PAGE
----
Fact check: How should children learn to read and write?
A heated debate is raging in elementary school to learn the right method of reading and writing. In some states, the "writing by ear" approach was even banned. In a fact check, the Mercator Institute for Language Promotion and German as a Second Language at the University of Cologne is now providing scientifically sound answers to the question of how children should best learn to read and write in primary school.
According to the IQB education trend, the skills of students in the field of spelling have deteriorated in many federal states over the past few years. There are divided opinions about the reasons for this development. Parents and teachers often blame the “writing by ear” method. Several federal states have focused on spelling and decided not to use the controversial method. Most recently, a study by the University of Bonn heated the mind. The researchers compared various methods used in German classrooms and came to the conclusion that primary school children learn best using the classic so-called primer method of reading and writing.
There is no one right method for everyone when learning to read and write
The Mercator Institute has now carried out a fact check "Learn to read and write in primary school" to objectify the debate. In it, the author Simone Jambor-Fahlen evaluated the various research results on the topic. Most important result: There are no clear statements in the studies on the question of which method is best used to learn to read and write.
On video interview with the author Dr. Simone Jambor-Fahlen
However, various empirical studies show that more powerful students learn to read and write successfully largely independently of the method, according to the fact check. For weaker children, on the other hand, a structured lesson is helpful, in which the teacher explains the system of writing to the children. "There is no one right method of learning to read and write for all children and all teachers," says Michael Becker-Mrotzek, director of the Mercator Institute.
Teaching spelling requires comprehensive didactic concepts
It is unclear for various reasons whether the much-discussed “reading by writing” method, which is also called “writing by ear” in public discourse, actually leads to pupils having poor spelling performance: on the one hand, it can be assumed that teachers read often do not apply in the conceptually pure form by writing. According to Becker-Mrotzek, this would mean that spelling is never an issue in class. However, teachers often add other elements to methods and teach spelling early in primary school, explains Becker-Mrotzek.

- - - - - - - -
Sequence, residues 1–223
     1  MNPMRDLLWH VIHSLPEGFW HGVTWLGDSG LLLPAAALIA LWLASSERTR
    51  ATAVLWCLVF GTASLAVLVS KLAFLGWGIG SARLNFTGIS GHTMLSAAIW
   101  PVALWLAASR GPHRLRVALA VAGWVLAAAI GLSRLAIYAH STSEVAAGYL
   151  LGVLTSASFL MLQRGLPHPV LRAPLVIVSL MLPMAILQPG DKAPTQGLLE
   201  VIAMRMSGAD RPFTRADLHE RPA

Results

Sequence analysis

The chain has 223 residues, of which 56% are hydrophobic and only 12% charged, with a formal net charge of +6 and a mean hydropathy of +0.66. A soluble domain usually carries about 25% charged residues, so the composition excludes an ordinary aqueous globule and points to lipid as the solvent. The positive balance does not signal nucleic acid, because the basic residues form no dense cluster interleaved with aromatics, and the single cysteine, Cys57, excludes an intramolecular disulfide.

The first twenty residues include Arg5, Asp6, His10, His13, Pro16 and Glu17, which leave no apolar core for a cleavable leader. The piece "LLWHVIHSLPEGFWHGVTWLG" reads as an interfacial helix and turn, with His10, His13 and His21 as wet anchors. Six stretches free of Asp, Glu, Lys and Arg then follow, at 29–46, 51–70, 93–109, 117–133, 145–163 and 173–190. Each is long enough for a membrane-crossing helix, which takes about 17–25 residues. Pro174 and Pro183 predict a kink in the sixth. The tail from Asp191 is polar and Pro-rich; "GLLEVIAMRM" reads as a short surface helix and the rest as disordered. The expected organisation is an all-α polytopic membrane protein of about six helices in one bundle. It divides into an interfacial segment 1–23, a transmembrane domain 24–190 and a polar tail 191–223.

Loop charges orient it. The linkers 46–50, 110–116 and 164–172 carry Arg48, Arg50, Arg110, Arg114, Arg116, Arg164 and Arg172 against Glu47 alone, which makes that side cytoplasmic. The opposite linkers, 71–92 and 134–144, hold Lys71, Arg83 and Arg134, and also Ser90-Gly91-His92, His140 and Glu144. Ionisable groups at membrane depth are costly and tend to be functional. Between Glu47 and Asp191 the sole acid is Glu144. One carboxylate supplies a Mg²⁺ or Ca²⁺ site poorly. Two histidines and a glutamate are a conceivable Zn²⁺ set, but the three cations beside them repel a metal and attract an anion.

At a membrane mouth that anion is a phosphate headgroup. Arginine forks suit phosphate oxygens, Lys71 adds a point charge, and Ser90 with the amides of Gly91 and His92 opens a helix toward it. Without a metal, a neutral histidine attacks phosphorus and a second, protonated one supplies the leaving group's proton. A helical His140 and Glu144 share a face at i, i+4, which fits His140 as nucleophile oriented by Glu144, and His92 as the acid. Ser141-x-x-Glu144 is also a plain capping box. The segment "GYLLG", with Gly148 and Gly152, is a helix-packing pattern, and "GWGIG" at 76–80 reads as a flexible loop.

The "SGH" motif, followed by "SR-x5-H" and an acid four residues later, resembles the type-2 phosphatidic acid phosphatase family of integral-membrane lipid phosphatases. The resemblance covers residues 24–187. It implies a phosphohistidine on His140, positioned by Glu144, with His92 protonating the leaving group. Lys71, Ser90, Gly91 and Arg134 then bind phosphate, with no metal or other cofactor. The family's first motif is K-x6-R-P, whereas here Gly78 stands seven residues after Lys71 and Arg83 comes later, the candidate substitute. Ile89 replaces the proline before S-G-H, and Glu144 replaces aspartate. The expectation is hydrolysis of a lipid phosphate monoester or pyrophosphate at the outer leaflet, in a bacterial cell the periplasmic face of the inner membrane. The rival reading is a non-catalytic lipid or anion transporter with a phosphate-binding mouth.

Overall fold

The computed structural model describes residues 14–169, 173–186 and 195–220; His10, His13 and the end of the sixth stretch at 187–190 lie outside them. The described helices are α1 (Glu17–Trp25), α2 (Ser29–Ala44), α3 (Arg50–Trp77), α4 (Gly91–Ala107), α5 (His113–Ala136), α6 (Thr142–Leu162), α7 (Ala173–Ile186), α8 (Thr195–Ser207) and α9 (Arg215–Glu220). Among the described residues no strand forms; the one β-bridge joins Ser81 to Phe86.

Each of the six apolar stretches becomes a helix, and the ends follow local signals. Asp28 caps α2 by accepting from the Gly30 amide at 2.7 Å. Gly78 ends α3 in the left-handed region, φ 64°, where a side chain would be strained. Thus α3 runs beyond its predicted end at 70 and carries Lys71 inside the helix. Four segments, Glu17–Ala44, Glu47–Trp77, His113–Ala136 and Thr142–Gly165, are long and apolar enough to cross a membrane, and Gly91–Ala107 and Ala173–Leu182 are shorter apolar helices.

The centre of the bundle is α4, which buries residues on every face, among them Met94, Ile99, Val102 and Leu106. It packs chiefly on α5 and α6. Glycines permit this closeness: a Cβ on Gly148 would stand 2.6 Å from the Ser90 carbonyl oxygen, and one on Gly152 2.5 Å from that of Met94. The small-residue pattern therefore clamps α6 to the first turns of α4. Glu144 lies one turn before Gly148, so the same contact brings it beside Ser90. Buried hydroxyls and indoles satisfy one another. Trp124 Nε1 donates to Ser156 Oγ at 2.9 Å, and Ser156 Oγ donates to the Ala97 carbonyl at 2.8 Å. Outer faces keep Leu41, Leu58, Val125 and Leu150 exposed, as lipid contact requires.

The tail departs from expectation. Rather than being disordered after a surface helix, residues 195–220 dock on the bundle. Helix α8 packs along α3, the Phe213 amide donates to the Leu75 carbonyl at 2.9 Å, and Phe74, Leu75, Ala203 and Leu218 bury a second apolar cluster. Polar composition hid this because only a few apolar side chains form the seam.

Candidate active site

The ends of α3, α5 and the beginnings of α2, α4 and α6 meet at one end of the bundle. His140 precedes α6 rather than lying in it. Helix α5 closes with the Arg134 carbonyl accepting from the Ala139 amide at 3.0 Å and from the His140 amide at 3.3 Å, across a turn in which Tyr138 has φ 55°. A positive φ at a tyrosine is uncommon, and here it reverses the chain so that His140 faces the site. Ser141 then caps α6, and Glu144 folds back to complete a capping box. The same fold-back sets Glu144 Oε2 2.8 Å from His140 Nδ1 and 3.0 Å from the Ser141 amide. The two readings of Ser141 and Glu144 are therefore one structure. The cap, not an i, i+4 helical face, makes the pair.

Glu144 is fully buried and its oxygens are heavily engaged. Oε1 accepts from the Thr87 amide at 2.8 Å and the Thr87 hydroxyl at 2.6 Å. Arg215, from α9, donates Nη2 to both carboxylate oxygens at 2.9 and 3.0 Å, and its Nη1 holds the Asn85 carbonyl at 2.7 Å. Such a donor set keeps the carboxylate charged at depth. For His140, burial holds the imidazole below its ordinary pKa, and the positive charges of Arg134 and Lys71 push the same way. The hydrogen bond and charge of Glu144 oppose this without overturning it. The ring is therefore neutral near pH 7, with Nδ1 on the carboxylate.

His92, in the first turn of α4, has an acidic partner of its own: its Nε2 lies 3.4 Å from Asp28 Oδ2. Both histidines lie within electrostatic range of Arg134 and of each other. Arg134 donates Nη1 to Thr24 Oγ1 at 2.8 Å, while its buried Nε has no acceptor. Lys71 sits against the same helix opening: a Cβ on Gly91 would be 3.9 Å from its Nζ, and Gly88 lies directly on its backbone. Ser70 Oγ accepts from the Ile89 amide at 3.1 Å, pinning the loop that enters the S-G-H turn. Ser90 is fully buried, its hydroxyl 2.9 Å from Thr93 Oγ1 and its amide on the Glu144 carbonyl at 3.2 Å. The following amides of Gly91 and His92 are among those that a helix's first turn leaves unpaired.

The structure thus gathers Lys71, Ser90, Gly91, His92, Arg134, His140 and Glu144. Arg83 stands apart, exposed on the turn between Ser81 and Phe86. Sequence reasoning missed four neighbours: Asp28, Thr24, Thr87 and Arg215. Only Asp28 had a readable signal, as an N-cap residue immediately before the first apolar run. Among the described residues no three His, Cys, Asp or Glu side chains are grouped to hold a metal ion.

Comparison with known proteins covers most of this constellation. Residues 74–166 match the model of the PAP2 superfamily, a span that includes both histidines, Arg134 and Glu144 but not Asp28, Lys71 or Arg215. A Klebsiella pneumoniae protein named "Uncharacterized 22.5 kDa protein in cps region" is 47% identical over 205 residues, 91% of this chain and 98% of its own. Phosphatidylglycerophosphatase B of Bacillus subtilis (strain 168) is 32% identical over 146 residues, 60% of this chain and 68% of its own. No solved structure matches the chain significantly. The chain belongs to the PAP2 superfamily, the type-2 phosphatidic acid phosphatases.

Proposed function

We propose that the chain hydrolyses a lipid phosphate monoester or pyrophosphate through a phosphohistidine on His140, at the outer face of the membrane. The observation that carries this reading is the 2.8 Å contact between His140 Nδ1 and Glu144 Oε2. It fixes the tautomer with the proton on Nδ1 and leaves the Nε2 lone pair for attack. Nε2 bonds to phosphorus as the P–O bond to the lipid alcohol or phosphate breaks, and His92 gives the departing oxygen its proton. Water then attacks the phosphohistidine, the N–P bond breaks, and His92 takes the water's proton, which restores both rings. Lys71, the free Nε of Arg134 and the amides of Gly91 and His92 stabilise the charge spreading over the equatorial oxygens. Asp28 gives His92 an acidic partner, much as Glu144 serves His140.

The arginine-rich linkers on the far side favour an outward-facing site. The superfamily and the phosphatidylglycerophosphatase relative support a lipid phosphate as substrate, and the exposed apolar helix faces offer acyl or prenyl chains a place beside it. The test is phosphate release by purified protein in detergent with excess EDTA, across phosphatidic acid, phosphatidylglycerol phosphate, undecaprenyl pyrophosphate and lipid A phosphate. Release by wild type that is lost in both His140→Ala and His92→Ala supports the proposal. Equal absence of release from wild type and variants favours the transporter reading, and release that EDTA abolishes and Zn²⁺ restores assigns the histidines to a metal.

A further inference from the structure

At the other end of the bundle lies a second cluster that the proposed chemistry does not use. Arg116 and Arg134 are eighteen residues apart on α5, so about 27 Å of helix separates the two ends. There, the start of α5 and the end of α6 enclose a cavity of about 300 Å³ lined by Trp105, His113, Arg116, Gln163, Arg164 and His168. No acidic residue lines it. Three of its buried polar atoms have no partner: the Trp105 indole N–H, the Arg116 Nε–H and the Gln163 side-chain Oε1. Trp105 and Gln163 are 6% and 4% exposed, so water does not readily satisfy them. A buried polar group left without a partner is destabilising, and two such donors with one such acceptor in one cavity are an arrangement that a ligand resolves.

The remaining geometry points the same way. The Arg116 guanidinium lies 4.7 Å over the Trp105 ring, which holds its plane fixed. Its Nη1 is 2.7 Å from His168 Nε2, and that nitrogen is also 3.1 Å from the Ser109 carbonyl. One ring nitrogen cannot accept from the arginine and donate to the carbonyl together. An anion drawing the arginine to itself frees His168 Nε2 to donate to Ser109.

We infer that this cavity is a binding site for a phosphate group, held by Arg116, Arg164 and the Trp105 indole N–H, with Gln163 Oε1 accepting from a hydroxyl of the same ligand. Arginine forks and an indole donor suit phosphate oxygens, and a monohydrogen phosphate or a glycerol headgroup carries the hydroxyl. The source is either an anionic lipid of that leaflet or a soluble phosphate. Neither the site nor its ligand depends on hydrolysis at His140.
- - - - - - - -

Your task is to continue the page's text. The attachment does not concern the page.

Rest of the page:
On the other hand, studies that have studied reading and writing depending on different methods show that none is clearly superior. "It makes no sense to reduce the question of how elementary school students learn to read and write best to the method and to ban individual concepts," says Becker-Mrotzek. It is much more important that teachers coordinate the lessons with their students. The teaching of spelling requires comprehensive didactic concepts. For this, teachers would have to be trained and advanced, Becker-Mrotzek demands.
Children don’t learn spelling as an end in themselves
The fact check from the Mercator Institute also provides information on what teachers should pay attention to in the first years of school. Children learn spelling not as an end in themselves, but so that they can read and write texts. "It is important that teachers arouse and maintain children’s interest and curiosity in reading and writing," emphasizes Simone Jambor-Fahlen, author of the fact check. However, not every child learns the same way. For some students it is crucial that teachers explicitly explain and justify the rules. Others would have to read or write words themselves and learn the underlying rules. “But teachers also have to feel confident in using the method. Because we know from research that the teacher is central to the learning success of the pupils. ”The educational researcher said similarly in a detailed interview with the German school portal on learning to write.
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